Several years ago, a woman told me about an equine therapy clinic she’d attended. Sounded more like human therapy to me. That’s often the way it is with horses, though. They teach us more about ourselves than the other way around. Anyway, she shared how she’d learned that women tend to pick horses with similar characteristics as the men they choose for romantic partners. I couldn’t quite relate to that, as I’ve had a bunch of horses and not one was like the other. This notion did not represent my life’s human relational experience, nor had I considered any shared behaviors between my horses and men. Still, I found our conversation interesting. She went on to say during our barn talk, “If you’ve had an abusive experience, you might select a horse that was all wrong for you, hard-mouthed and running all over you. Stubborn? You’d get a mule.” She slipped a glance at the gelding I had at the time. I think she told me this stuff because I really struggled with that horse. In turn, I squinted at her gigantic black Friesian she referred to as “tall, dark, and handsome.” I hovered over those words. Recalling how I’d used the same expression to describe a character or two in my penned stories, as if that’s the epitome of a good catch; a sort of stereotypical “tall drink of water”. Okay, so she had the perfect horse, I thought. Until she admitted her Freisen was dangerous and she feared to handle her horse, let alone ride him; the reason for her attending the clinic. “Big-hearted man?” she continued. “You’d probably settle for one of those big gentle draft horses or something.” Or something.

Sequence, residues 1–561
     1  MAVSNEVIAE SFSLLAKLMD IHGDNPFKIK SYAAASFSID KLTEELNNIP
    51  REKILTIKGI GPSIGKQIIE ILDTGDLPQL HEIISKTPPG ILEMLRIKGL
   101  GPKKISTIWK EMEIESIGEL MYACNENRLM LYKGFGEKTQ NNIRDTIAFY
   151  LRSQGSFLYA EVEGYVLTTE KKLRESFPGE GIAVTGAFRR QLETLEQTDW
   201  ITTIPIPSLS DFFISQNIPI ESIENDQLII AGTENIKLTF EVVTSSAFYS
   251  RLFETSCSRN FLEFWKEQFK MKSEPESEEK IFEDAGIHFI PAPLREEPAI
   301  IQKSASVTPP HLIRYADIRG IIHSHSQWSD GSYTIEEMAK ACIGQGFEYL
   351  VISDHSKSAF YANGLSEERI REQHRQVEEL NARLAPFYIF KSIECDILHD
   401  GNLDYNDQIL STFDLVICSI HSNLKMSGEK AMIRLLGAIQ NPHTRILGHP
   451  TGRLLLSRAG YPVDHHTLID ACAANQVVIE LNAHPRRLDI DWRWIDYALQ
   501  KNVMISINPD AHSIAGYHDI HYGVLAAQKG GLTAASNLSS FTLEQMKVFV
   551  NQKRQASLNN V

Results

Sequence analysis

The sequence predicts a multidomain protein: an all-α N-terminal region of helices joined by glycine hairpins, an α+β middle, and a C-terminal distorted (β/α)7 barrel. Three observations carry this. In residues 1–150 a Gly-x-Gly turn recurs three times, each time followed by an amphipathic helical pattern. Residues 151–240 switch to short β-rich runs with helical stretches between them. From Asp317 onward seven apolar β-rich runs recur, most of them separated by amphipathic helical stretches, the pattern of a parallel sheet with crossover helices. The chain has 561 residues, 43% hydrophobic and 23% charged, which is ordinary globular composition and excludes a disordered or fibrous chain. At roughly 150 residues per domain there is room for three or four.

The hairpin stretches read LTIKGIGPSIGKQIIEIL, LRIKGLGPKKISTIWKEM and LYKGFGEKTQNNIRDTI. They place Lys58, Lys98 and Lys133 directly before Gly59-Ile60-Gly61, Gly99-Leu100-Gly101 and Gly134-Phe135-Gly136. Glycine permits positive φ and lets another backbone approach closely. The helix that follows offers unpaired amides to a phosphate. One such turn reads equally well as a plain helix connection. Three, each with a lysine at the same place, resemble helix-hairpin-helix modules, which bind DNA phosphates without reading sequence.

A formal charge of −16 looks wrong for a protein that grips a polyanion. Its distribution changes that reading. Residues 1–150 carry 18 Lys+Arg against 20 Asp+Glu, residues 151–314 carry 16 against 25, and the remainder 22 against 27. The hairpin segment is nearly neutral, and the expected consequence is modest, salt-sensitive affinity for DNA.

I glanced up again at her pushy Friesen. Height doesn’t make the man. Never has. Nor looks. Take a glimpse at 1 Samuel 16:7, when Samuel goes to anoint a new king of Israel. He’s struck by the tall, dark, and handsome appearance of the older of Jesse’s sons. Surely this is the one the Lord would choose. “But the Lord said to Samuel, ‘Do not consider his appearance or his height, for I have rejected him. The Lord does not look at the things people look at. People look at the outward appearance, but the Lord looks at the heart.’”
Much like how the Lord rejects and departs from King Saul, he then chooses this unlikely one to take his place. He’s younger, good-looking in his own right, but not of the stature of his older brother. Called up from the fields, he’s all ruddy-faced from tending sheep. He’s chosen and anointed because of his heart.